With Sublette County’s high-elevation summer grass already at a premium and fears of another hot, dry summer, Hayward said locating suitable pasture was like “finding hen’s teeth.”

“You can imagine all the nuances that go into getting the right piece,” Peterson added.

Permittees moving to BLM and USFS pastures will be billed the same fees as on their own allotments, $1.35 per month per animal/unit, such as a cow and a calf. WGFD and private-pasture users will pay fees to the SCCD.

Hayward anticipates the allotments closing for “a maximum of two years, depending on the degree of drought this summer and the vegetation’s response to that.”

Proper response

“Priority number one was for the permittees to have a place to go with maybe not all the cattle they’ve got … but so they have room for enough livestock to hold together their operations, so they wouldn’t have to sell bunches of cattle,” Peterson said.

With that in hand, Peterson said, “We are looking at treating this fire as a gargantuan habitat-management project.”

Rehabilitation grants and agency funding allow a “proper response for more than cows” with seeding, weed control and habitat restoration yet to occur and “a fair amount of infrastructure and many, many miles of fences” to replace, Peterson said.

Ten and a half miles, according to Hayward.

“We all see the goal, and we all see the challenges we have to overcome to achieve that goal,” Peterson said of the process, which he considers “unique” due to the massive territory and multiple agencies involved. “It’s easy to join up when you can make a positive difference, help out some folks who are going to be in trouble and at the same time make sure the restoration is done right.”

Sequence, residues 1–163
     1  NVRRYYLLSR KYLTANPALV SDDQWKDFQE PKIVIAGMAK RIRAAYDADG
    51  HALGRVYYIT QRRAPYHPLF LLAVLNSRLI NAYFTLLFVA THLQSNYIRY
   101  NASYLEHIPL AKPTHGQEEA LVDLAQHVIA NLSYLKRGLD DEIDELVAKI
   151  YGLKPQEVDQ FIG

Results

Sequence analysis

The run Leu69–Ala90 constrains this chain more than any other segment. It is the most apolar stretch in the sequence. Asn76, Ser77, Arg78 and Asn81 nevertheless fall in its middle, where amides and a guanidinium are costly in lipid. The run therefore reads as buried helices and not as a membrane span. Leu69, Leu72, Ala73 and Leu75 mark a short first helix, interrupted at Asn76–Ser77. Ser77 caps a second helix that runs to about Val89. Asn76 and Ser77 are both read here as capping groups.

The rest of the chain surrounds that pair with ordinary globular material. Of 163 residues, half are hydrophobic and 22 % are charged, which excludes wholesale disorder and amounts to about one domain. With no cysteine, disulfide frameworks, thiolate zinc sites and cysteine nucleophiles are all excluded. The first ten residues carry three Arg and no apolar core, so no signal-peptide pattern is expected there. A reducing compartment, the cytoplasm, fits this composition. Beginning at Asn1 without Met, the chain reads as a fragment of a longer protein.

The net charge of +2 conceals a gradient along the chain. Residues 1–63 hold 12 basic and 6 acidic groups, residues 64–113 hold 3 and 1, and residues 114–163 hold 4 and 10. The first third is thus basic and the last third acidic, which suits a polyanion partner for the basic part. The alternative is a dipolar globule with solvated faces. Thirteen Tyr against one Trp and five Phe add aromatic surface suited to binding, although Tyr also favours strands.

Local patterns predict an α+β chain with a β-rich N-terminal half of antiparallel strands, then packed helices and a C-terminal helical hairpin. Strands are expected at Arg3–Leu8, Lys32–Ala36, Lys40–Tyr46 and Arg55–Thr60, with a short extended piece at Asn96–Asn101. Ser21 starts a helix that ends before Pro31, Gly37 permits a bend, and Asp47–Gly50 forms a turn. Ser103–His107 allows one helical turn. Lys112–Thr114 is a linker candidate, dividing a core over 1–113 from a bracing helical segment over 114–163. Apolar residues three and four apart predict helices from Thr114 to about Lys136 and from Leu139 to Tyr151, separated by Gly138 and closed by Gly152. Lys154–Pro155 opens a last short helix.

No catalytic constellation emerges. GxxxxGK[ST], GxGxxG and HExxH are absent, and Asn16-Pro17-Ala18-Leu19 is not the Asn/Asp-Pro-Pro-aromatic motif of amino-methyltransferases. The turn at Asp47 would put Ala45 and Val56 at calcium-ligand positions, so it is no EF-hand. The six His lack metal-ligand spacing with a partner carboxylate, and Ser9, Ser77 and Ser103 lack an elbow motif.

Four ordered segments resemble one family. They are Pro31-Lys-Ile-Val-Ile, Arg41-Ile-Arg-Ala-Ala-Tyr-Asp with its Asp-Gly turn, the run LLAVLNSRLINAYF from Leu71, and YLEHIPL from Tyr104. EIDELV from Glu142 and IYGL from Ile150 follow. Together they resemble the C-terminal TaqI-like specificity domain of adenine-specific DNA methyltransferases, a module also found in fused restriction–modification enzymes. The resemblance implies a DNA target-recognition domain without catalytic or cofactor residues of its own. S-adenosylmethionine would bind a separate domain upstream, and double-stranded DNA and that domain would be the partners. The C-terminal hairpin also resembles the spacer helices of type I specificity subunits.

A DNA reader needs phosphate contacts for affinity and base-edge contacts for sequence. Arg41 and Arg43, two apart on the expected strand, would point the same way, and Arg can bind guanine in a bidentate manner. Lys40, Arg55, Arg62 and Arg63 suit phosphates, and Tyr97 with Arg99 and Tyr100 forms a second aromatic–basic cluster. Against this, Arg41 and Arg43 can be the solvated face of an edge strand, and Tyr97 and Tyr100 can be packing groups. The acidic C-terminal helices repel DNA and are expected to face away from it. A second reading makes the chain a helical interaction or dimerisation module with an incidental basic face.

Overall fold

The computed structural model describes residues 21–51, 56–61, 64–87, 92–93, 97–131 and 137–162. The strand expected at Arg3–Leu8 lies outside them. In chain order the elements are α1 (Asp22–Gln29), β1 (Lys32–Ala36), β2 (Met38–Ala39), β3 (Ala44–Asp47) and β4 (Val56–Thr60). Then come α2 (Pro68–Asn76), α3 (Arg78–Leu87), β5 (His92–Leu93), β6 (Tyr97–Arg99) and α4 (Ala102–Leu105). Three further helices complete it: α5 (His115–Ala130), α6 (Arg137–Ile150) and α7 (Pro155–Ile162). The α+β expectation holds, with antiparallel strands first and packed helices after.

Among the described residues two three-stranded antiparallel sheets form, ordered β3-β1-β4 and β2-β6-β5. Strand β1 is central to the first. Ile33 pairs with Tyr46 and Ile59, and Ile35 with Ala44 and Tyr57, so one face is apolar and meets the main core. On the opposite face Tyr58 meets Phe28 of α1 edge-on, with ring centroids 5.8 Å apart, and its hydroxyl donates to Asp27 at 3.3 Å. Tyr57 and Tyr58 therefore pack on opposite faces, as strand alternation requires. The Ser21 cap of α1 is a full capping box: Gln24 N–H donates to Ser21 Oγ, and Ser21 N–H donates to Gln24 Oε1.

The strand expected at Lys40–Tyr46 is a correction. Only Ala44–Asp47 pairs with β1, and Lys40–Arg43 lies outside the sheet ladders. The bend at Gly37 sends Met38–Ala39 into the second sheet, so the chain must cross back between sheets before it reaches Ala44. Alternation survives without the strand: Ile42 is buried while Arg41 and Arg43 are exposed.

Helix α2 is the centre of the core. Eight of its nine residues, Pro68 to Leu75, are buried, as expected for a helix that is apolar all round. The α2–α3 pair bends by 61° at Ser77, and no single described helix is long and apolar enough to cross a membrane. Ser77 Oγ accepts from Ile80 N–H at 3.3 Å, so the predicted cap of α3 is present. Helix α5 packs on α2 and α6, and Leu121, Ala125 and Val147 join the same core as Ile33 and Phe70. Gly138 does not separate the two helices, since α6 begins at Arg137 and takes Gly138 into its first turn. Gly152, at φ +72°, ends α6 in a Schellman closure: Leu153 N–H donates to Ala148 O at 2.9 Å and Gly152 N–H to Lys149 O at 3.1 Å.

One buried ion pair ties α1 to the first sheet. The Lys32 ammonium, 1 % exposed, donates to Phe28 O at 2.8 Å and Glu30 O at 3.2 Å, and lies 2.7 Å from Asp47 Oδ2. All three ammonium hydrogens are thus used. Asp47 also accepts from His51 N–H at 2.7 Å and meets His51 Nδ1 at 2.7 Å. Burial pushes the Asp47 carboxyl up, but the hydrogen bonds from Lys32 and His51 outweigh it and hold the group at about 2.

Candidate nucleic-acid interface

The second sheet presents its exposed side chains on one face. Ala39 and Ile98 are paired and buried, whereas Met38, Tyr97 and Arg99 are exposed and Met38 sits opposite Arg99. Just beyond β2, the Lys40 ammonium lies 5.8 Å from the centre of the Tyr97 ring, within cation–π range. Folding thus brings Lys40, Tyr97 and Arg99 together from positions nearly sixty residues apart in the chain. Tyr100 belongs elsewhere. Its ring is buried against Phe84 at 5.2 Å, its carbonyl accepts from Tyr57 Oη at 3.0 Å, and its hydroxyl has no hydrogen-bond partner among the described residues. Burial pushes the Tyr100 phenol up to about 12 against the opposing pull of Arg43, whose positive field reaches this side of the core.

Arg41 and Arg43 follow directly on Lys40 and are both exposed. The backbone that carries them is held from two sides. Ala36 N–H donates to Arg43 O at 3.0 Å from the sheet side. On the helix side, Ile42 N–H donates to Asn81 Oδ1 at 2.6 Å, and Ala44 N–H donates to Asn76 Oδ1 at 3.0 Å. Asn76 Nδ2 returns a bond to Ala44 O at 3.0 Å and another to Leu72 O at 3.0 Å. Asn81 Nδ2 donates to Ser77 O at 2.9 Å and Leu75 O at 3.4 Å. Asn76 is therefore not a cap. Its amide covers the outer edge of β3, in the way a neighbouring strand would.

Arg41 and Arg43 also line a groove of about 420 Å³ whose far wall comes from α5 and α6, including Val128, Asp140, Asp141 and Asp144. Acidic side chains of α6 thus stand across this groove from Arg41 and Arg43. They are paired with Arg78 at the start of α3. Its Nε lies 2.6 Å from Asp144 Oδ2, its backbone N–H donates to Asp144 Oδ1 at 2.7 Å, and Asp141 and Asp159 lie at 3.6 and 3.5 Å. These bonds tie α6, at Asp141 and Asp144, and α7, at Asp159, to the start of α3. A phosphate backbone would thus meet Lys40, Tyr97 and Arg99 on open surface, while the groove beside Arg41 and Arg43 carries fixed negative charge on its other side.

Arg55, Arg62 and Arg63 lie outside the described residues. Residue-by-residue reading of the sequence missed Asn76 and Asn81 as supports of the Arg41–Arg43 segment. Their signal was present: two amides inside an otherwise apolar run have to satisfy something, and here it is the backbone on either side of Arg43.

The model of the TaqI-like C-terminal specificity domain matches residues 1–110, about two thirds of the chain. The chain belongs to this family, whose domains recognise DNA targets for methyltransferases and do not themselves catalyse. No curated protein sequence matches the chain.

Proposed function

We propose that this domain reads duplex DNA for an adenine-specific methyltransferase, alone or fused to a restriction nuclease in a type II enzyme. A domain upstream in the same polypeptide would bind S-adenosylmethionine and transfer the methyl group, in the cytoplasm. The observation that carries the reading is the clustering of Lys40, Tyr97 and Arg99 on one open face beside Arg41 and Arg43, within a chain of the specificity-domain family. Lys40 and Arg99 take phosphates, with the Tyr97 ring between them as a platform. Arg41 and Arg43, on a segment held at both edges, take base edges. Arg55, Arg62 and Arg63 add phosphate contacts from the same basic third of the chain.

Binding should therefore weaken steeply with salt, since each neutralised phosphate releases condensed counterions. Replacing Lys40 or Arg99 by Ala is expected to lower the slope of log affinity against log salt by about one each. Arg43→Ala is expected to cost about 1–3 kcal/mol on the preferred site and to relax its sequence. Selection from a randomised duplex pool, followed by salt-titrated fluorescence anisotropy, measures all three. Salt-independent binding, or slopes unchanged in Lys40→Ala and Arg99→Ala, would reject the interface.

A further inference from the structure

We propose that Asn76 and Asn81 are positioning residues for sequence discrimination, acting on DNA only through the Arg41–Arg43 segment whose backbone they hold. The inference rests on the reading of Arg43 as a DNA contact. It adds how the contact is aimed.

Fontenelle Fire Overview

The Fontenelle Fire started on June 24, 2012 at approximately 4 p.m. 

It was located 18 miles west of Big Piney and 33 miles northwest of LaBarge on the west flank of the Wyoming Range, mainly in Sublette County and into Lincoln County.

The fire was managed under a full suppression strategy and was finally declared 100 percent contained on Oct. 18, 2012 after burning 64,220 acres, or about 100 square miles.

The fire caused a range of effects, from mosaic patterns with barely burned areas to high-intensity flames destroying everything organic.

The cause of the fire is still under investigation, according to InciWeb.org.

Joy Ufford is a correspondent for the Wyoming Livestock Roundup. Send comments on this article to This email address is being protected from spambots. You need JavaScript enabled to view it..

 
Salt Lake City, Utah — According to Public Lands Council (PLC) President and Oregon rancher Skye Krebs, the more voices that speak on one issue, the louder the message.
    Increasing the volume of the ranching and conservation cooperation message was the focus of a late-February two-day summit in Salt Lake City, Utah, which involved members of both the agriculture and conservation communities. According to a PLC press release, more than 120 people attended, representing more than 40 agricultural, government, agency and conservation organizations.
    “Are we going to agree on every issue?” asked Krebs in his opening address. “Of course not, but we agree on 95 percent of the issues and we’re not going to let the other five percent eat up our time.”
    The process of pulling together the gathering began a year ago with Wyoming Stock Growers Executive Vice President Jim Magagna, who is involved with PLC leadership.